9 However, the net benefit to Canadian travellers of changes in terms of average fare movements remains unclear. Many factors may have effected changes in average fares. These include changes in the market composition of air travellers by main purpose of trip (business versus non-business), changes in the market composition of class of travel by business travellers (business class, economy, discount economy), changes in the exchange rate, and changes in economic conditions. A more accurate assessment would require examining changes on the ranges of fares (business, economy, and discount) for each city-pair. Carriers Air carriers benefited from Open Skies in their ability to compete for the lucrative U.S.-Canada transborder traffic a traffic volume that has ensured its status as the highest transborder air passenger traffic in the world. The market of transborder travellers has itself grown following the signing of Open Skies. The benefits that accrued to Canadian carriers are evident in their increased share of this growing pie. The total share of travellers choosing Canadian carriers has increased after the signing of the agreement. More importantly to carriers, their share of revenues increased from 40% in 1993 to 44% in 1997, largely due to their ability to attract more passengers travelling for business reasons. In the same four-year period, the proportion of all transborder travellers choosing Canadian carriers for their business travels rose by 8 percentage points, from 16% to 23%. Other Impacts There are other impacts of the agreement not analyzed in this paper. The agreements provision for code sharing also provided significant advantages for both passengers and carriers. Each airline is assigned a unique two-letter code, and traditionally, an airline ticket lists this code and the flight number associated with the segment of a flight provided by a particular carrier. Code sharing allows airlines to use each other s codes, a practice that has increased after Open Skies with the growth of airline alliances. In addition to the ability to provide market presence without the substantial cost-outlay of ground staff, sales agents and the like, code sharing increases the convenience of computerized booking systems. It also allows airlines to connect traffic from foreign cities, which they do not fly to, with their flights. 16 Code sharing has, however, introduced its own problems. Because one airline lists another airline flight as its own, that flight is listed twice in computer reservation systems (once under each airline code) and more times if connections are involved. This makes it difficult to know how to appropriately attribute market shares on code shared flights particularly when passenger s tickets are used to obtain information on the carrier. Conclusion The Canada-U.S. Open Skies agreement was part of the trend to liberalized air travel, which began with the deregulation of the domestic U.S. air travel industry in This agreement, like most Open Skies agreements, provided for free trade in transborder air passenger and air cargo travel. While it did not introduce foreign competition in the domestic air travel market, it still provided some clear benefits for both Canadian passengers and Canadian carriers. After the end of the transition period of the Open Skies agreement between Canada and the United States, this analysis shows us that air traffic has increased in both countries, thus consolidating the Canada-U.S. transborder market as the largest in the world. Although Canadian companies seemed to have gained ground in the sales and passenger markets, it is still too soon to know if they maintain or increase their market shares in face of stiff competition from the big U.S. carriers. Only after more time has passed and long-term market shares and fares have been established will it be known how well Canadian companies and travellers are doing under the agreement. 17 For a complete listing of the references in this article contact Monique Beyrouti, Editor-in-Chief ( ; fax: ; 16 Park, K. Namgyoo and Dong-Sung Cho, The Effect of Strategic Alliance on Performance, Journal of Air Transport Management. P Complicating this analysis is another issue that requires more detailed investigation. The increased use of code sharing on transborder routes has had serious implications for analysis of market shares. The revenue allocation formulas for code shared flights vary greatly depending on the agreements signed by carriers who are involved in the code shared flights. The analysis in this paper assumes that in code shared flights, all the revenue goes to the operating carrier and none to the selling carrier. If the true allocation of revenue between Canadian and U.S. carriers on code-shared flights differs significantly from this allocation on transborder flights not using code sharing, market shares of passengers and revenues by nationality of carrier will not be accurate. Statistics Canada - Catalogue no XIB 9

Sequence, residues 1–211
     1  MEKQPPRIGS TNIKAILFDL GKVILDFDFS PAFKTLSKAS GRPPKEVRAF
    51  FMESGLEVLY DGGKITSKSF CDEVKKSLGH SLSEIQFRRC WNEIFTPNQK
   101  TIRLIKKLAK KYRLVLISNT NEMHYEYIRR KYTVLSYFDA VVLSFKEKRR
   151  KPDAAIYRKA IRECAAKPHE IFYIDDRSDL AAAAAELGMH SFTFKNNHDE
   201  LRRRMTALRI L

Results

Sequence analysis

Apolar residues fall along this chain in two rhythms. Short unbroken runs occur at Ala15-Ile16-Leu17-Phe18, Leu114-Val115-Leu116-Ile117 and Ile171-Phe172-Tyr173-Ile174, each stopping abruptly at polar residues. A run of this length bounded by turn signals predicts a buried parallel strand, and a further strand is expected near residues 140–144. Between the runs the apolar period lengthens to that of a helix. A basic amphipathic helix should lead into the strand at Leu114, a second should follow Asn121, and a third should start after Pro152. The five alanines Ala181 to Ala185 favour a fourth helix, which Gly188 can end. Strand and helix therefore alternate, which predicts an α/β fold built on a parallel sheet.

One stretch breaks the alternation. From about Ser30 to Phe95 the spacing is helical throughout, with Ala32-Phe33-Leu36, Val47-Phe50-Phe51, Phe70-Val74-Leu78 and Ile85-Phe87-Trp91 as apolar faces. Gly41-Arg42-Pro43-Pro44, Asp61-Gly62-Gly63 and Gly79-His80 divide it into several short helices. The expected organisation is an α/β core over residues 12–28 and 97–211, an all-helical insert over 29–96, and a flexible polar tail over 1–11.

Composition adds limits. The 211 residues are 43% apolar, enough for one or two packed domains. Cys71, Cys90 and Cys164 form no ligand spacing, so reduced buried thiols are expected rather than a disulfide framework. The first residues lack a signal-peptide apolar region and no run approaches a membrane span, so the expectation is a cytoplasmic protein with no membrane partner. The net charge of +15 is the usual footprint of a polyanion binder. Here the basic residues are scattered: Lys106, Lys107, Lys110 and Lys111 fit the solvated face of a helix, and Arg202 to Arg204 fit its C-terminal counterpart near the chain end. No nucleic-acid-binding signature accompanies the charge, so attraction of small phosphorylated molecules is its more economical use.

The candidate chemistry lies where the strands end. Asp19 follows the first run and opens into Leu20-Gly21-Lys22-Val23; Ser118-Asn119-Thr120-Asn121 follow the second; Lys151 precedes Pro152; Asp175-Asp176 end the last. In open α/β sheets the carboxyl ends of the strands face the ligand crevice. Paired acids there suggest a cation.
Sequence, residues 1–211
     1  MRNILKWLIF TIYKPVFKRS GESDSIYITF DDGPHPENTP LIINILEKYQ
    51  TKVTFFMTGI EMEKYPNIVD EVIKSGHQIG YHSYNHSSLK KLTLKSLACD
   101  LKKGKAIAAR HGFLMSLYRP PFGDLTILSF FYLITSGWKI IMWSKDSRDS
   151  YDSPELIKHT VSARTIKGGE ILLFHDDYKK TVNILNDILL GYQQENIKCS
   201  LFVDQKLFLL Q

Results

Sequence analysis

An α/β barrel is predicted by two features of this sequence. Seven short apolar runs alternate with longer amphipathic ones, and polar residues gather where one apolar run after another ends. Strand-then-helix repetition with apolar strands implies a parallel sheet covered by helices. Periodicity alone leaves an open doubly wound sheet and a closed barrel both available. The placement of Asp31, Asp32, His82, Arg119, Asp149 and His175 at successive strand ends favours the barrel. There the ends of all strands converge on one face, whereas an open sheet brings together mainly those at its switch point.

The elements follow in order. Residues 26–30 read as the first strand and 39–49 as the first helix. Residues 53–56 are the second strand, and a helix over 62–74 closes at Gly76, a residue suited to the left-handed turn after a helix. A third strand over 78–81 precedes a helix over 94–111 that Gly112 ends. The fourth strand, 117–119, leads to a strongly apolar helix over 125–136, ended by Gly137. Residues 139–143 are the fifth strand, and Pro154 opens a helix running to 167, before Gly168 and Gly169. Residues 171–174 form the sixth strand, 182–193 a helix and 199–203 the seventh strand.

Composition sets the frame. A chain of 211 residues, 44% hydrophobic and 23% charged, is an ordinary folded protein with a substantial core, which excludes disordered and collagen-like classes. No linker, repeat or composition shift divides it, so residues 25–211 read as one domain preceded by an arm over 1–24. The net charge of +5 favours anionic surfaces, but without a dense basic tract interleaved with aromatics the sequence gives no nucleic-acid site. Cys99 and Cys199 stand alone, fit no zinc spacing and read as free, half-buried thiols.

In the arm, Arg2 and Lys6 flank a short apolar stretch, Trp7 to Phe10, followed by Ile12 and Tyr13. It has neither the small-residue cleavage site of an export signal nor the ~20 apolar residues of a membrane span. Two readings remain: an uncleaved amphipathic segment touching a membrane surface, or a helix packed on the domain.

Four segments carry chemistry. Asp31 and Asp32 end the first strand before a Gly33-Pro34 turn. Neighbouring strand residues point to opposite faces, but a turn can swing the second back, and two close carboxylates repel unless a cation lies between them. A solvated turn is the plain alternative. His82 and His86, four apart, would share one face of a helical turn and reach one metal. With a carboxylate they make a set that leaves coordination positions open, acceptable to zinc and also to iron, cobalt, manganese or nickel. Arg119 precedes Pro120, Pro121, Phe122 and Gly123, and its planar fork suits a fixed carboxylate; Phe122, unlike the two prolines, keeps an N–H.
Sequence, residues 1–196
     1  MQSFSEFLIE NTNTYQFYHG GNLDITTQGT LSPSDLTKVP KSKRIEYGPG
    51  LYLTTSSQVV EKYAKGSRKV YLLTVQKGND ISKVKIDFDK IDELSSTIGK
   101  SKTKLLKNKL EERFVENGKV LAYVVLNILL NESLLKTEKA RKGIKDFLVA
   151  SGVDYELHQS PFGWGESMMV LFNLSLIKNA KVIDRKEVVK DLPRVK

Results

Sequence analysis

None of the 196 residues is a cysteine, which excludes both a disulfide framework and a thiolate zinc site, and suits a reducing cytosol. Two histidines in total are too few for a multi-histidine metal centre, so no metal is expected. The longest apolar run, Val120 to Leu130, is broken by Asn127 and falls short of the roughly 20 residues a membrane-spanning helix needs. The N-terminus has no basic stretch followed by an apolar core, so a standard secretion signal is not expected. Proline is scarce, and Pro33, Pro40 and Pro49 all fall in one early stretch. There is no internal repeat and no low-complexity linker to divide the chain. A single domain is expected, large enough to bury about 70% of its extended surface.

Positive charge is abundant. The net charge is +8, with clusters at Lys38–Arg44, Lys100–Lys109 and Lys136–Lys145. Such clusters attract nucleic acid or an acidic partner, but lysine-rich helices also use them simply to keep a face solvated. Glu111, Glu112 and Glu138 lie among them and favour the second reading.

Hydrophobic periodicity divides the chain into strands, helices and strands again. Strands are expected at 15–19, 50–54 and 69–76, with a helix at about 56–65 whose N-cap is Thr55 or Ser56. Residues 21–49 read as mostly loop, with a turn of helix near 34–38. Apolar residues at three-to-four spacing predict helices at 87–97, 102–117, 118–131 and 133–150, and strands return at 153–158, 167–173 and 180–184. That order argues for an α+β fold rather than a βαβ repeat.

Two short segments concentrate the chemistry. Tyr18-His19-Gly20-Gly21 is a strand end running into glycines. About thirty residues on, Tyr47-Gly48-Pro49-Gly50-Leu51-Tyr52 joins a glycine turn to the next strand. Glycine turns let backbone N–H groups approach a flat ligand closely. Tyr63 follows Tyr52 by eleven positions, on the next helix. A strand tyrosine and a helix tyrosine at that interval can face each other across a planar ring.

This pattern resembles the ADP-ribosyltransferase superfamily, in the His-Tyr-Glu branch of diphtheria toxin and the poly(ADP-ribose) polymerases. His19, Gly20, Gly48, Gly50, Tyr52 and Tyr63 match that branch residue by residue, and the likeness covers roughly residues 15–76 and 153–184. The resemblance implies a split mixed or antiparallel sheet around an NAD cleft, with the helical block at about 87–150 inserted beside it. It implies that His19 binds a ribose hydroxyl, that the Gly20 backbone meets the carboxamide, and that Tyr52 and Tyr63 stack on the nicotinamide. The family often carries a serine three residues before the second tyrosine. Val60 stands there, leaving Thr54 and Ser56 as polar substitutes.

10 TRENDS Characteristics of International Travellers 1998 Tourism businesses enjoyed a recordbreaking year in Buoyed by strong American tourism, almost 19 million international tourists came to Canada in 1998, the highest annual level in the 26 years that travel data have been collected. In total, 18.8 million international tourists made overnight trips to Canada during 1998, up 6.8% from The majority, about 14.9 million, came from the United States, up 11.1%. This strong increase in American overnight travel offset a 7.1% decline in overseas visits to Canada, which fell from 4.2 million in 1997 to 3.9 million in Overnight American travel to Canada in 1998 represented the highest level recorded, breaking the previous 13-year record set in the year of the World Exposition in Vancouver. Furthermore, the number of Americans visiting Canada surpassed the number of Canadians travelling to the United States by 1.5 million travellers, the first time this has occurred since A booming United States economy, strong American consumer confidence and a cheaper Canadian dollar were key factors in the growth in American tourism. Tourism from the United States increased in almost all regions of Canada during the summer of Ontario recorded the largest increase in American visitors (up 12.4%), followed closely by British Columbia (up 11.9%). American travellers made fewer overnight visits to the Yukon and Northwest Territories (down 5.4%) during American overnight visitors injected $6.7 billion into the Canadian economy in 1998, up 25.2% over the previous year. They spent about $450 per trip, up 12.5% from a year ago. Americans spent $925 million or 38.7% more on other expenses, for example shopping and souvenirs, the highest increase of all the spending categories. The low value of the Canadian dollar no doubt encouraged many visitors to shop in Canada. The majority of their tourism spending ($2.7 billion) went towards accommodation, up 29.8% compared with American travellers continued to take more flights to Canada (up 12.4%), maintaining the trend that began with the implementation of the Open Skies agreement. Air travel has climbed steadily from 2.4 million trips in 1994 to approximately 3.6 million in The vast majority of Americans still drove to their Canadian destinations (9.4 million), an 11.9% increase over In terms of overseas travel, the 3.9 million visitors from countries other than the United States spent $4.5 billion in 1998, 1.2% less than in The reduction in Asian travel to Canada deepened in 1998 with 19.0% fewer visitors. This followed an 8.9% decline from the previous year. Overnight visits from Europe declined marginally (down 2.2%) despite the appreciation of many European currencies against the Canadian dollar. Travel from Central and other North America jumped 14.3% in 1998, largely due to influxes (16.7%) of Mexican tourists to Canada. Much of the decline in overseas visitation was due to a 14.1% drop in the number of visitors travelling to Canada via the United States. Direct overseas arrivals, which now represent 63% of all overseas traffic, decreased just 2.4% in comparison. These visitors are a significant market for Canada, as they tend to stay longer and spend more per trip than those arriving from the United States. Provincially, the strongest gains in overnight visits from countries other than the United States in 1998 occurred in Alberta (up 19.1%) and British Columbia (up 16.2%). However, 1998 levels still remained well below those recorded in 1996 for these two provinces. Large in fluxes in travellers from the United Kingdom, Germany and France were largely responsible for the growth in overseas visitors. Meanwhile, overnight trips by Canadians to the United States declined 11.2% to 13.4 million in 1998, the lowest annual level since On the other hand, Canadians made a record 4.2 million over seas trips (up 5.9%), preferring traditional European destinations such as the United Kingdom, France and Germany. 10 Statistics Canada - Catalogue no XIB